Monday 18 December 2017

Serbian Lottery controversy: Winning number called out before its drawn

Ivana Sekularac

The head of Serbia's national lottery resigned on Thursday after a television graphic during this week's draw appeared to predict the winning number, triggering suspicion and outrage among impoverished Serbs for whom playing the Lotto has been a weekly ritual for decades.

The draw dominated Thursday's front-pages in the Balkan country, where Serbs had hoped their beloved lottery was above the corruption that permeates much of Serbian life.

Prosecutors began an investigation and the hostess of Tuesday's televised draw and four colleagues were subjected to a polygraph test. Prime Minister Aleksandar Vucic told a news conference on Wednesday: "If there was any criminal activity these people will answer to the law. The path to prison is very short."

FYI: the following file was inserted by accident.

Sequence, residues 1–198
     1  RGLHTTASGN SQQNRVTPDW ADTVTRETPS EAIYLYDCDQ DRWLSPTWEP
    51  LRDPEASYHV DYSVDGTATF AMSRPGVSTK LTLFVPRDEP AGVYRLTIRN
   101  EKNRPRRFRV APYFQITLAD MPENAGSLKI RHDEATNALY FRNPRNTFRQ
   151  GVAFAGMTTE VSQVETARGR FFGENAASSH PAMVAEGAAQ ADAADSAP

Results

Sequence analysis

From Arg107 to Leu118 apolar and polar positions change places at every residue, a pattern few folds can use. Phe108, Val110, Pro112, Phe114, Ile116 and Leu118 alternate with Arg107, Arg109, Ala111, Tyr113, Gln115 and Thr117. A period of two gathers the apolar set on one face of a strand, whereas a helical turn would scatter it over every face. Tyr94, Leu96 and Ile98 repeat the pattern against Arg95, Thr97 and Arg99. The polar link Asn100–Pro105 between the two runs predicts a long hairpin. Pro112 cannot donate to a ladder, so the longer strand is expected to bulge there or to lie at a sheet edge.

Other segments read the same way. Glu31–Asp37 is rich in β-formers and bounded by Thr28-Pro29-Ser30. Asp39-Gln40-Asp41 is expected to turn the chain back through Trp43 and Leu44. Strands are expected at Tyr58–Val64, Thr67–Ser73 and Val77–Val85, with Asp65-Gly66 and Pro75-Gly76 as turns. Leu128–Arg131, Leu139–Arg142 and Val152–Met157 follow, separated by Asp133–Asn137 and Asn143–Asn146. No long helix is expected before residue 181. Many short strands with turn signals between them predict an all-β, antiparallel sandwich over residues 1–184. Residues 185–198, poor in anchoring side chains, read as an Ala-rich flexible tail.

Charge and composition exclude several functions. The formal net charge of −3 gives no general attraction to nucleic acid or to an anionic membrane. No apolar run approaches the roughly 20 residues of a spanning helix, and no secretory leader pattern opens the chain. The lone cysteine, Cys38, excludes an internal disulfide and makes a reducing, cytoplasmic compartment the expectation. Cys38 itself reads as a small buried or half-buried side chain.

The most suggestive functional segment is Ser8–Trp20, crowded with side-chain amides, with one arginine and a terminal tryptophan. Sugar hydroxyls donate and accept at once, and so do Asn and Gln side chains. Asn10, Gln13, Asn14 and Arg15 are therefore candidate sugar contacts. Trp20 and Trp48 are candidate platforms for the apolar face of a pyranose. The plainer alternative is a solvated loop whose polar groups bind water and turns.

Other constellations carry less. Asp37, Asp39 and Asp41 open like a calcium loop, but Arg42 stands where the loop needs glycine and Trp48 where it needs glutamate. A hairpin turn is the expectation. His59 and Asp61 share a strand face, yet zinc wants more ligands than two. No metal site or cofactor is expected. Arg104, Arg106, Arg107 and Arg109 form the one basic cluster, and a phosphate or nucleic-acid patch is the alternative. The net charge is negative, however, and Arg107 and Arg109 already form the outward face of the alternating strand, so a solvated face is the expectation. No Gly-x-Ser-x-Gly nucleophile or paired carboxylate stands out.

Many Serbs, including pensioners and the jobless for whom the lottery is their one hope of prosperity, watched aghast as the fourth of five balls drawn by the automatic lottery machine came out as 27, but appeared on the TV graphic as 21. The next ball drawn was, curiously, 21.

The lottery company, which is state-run, said the draw would stand, blaming a "technical error" caused by the person who filled out the television graphic. One lottery executive said it was "pure coincidence" that the graphic would mistakenly call the No. 21 ball, only for it then to emerge as the next number.

State Lottery Serbia, which has long been run by political appointees, said in a statement that director Aleksandar Vulovic had resigned "on moral grounds", but that he maintained the draw was "completely regular".

Interior Minister Nebojsa Stefanovic said five people, including the television hostess, had been interviewed by police and subjected to a lie-detector test. He said police had seized the lottery equipment.

"Police chase ball No. 21," read the headline in the newspaper Vecernje Novosti.


Promoted Links

Today's news headlines, directly to your inbox every morning.

Promoted Links

Editors Choice

Also in World News